Not only must they battle wind and weather but bomb with splitsecond accuracy—and bring back actual proof of their "kill."



Not only must they battle wind and weather but bomb with splitsecond accuracy—and bring back actual proof of their "kill."



Not only must they battle wind and weather but bomb with splitsecond accuracy—and bring back actual proof of their "kill."


A SUCCESSFUL attack on a submarine from the air demands more intensive teamwork, more unquestioning loyalty and more cooperation by every member of the crew than any other form of aerial warfare. The failure of one member to complete his portion of the drill or fit it into its proper sequence with hair-trigger precision, can deprive the team of full credit for a “kill.”

This drill is usually carried out miles from the base when an attack is least expected. The drill must be machinelike in its operation in spite of the fact it is executed within a confined space by men who are probably half-frozen while the attacking aircraft goes through a series of violent combat manoeuvres.

In no other form of aerial combat does precision and teamwork play such an important role. It is not simply a matter of bombing an infinitesimal target miles from a base and getting back safely. It involves finding a target upon which no prearranged course can be set, making certain strategic moves to get into an attacking position quickly, fighting off any opposition from submarine deck guns and then planting depth charges in a required pattern.

They not only chance wind and weather to find the U-boat. They have to bomb it according to a strict official formula and when they have bombed it—they must bring back actual proof of a kill.

We leave early. Maybe you’d like to go on an anti-submarine patrol.

“Take Action Posts”

FLIGHT LIEUT. Frederick C. Colborne commands one of the bomber-reconnaissance squadrons located somewhere on the East coast of Canada. Freddie is a tall pleasant chap who does more than his share of flying. He feels he has to keep up with the boys under him who are more than ambitious and have ideas of their own.

Not so long ago Colborne’s crew went off early in the morning long before “first light,” on a regular sweep. For weeks they had carried out these routine patrols, one day battling with the winds, fogs and blizzards, and the next inching their way out as far as they dared, seeking submarines that skulked well beyond the usual range of the bombers.

They had been briefed by the control officers and given the weather report by the meteorologists in the big creaky building that houses the control office and operations tower for the whole field. There had been a hurried breakfast in the N.C.O.’s mess a short distance away. When you leave before “first light” there isn’t very much doing in the comparative swank of the officers’ mess.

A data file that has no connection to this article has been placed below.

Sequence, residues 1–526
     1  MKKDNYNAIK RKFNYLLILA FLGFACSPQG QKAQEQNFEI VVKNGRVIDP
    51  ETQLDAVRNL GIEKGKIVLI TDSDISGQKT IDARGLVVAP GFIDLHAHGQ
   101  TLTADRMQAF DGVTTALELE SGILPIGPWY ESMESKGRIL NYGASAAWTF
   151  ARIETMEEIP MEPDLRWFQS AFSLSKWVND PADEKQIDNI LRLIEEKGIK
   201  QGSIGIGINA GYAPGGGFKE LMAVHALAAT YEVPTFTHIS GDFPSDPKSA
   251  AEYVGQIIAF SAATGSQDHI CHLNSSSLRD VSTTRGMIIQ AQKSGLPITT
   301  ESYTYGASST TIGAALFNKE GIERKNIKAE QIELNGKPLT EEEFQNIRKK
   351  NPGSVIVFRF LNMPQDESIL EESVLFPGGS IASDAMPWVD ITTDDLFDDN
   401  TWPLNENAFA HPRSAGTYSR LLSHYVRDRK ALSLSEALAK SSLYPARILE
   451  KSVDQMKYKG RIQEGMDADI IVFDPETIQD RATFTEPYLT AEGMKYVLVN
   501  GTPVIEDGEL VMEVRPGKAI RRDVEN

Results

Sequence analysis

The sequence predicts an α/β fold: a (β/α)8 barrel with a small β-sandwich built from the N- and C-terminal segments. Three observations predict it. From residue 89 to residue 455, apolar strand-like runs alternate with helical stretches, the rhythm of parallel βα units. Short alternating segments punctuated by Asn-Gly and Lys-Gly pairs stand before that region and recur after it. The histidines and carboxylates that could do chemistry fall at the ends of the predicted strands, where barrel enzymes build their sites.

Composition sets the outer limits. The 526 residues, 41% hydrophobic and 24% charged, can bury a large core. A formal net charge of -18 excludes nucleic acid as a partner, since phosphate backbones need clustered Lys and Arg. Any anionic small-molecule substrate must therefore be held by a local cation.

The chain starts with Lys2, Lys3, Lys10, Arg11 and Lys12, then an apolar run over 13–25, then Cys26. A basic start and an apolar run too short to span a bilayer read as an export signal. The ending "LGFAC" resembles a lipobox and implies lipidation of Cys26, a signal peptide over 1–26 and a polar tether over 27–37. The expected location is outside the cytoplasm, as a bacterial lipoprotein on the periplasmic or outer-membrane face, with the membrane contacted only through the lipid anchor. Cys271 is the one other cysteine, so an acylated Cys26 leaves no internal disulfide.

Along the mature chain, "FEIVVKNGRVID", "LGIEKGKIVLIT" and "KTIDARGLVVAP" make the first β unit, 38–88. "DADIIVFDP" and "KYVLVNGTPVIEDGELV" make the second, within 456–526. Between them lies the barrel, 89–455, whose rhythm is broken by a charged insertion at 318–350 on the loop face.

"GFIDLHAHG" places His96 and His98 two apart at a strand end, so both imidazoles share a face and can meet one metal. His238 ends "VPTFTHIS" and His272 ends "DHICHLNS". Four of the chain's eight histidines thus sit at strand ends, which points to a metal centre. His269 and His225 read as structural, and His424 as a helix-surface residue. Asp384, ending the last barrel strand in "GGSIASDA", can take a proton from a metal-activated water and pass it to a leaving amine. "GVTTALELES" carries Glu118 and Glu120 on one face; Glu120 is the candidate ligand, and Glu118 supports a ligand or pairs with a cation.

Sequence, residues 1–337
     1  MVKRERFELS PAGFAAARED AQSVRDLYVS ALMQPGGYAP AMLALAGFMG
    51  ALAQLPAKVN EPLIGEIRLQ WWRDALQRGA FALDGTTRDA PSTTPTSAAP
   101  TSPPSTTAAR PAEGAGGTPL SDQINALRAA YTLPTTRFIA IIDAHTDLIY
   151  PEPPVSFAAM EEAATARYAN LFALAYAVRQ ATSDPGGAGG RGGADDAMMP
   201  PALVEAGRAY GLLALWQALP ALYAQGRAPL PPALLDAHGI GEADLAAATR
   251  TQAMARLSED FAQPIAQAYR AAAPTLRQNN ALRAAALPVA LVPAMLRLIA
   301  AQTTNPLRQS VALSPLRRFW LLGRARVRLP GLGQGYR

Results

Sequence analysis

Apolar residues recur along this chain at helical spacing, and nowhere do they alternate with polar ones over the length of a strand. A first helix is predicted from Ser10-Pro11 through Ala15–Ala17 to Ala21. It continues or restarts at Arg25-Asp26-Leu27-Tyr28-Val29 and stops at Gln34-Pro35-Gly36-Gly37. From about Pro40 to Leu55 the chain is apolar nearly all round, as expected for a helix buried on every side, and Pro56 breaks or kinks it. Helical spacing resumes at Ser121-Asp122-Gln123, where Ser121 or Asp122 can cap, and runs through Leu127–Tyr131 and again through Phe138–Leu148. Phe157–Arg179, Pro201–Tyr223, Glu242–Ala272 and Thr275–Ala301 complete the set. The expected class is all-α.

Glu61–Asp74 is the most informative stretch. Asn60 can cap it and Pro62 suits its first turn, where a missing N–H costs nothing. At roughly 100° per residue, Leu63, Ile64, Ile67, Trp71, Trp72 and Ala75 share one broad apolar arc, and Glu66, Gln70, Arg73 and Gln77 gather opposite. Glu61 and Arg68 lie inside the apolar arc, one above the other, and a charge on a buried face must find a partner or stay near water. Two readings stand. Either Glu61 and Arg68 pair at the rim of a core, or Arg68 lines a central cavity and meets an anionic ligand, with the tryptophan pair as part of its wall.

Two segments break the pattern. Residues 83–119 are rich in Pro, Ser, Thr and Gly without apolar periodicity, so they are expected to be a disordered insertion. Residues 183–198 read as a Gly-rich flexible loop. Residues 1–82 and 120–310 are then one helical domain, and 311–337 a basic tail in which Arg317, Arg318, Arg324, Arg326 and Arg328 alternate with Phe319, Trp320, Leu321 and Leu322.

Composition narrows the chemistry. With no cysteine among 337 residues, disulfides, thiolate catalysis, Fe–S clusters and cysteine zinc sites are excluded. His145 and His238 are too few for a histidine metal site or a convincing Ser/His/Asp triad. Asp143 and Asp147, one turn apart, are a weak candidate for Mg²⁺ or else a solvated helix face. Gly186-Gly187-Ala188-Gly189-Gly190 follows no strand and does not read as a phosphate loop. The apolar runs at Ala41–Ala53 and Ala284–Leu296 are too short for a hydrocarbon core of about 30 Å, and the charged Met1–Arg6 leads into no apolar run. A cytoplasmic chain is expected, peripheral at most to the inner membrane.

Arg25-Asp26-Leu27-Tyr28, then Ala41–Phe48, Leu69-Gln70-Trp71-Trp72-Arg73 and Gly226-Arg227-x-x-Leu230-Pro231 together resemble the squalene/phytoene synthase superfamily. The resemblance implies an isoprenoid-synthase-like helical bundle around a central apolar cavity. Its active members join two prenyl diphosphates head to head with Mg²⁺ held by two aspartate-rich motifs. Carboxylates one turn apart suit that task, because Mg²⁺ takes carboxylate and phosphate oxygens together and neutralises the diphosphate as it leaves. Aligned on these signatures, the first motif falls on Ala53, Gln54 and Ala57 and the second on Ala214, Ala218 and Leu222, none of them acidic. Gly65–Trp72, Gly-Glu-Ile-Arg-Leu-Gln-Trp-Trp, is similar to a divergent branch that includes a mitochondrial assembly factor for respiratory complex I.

Colborne’s crew, consisting of a co-pilot, a navigator, two wireless air-gunners, and a first and second engineer, have been together many months. Freddie has made certain of his men. He is something of a taskmaster when it comes to maintaining a strict routine of aircraft drill and regular periods of physical training, engine lectures, navigation lessons and other subjects that make a really polished outfit.

But with all this, who would believe that an ordained minister of the United Church would be found at the navigator’s table?

But Flying Officer Irving is just that and this story is as much his as it is about the time they came upon a German submarine, attacked it and brought back one of the best sets of “attack" pictures RCAF Intelligence has seen.

Colborne was at the wheel that day. What happened was a tribute to the intense action drill that the young flight commander has insisted upon since he was burdened with his second ring of braid.

“I saw it," Freddie explained to me before the crackling fire of the mess, “and I couldn’t believe my eyes. You must remember, I had been doing this sort of thing for more than five months, and had never even seen a submarine. I’ll tell you what went on from there.”

In the drill the first pilot actually flies the bomber, but if he spots something he does not take his eyes off it. He simply taps his co-pilot on the shoulder, still keeping his eyes on the object, and holds his hand in a certain way.

Flight-Sgt. Duncan, the co-pilot, knew what was wanted and placed the binoculars in Colborne’s hand. Freddie put the glasses to his eyes and saw, beyond all shadow of doubt, a German submarine.

He handed the glasses back. The command was shouted over intercom microphone: “Submarine

sighted ! Take action posts !” Colborne never took his eyes off the splinter of U-boat he could still see. Behind him the rest of them were taking their positions. All knew everything had to click off like clockwork. A lot of things could go wrong in the next few seconds.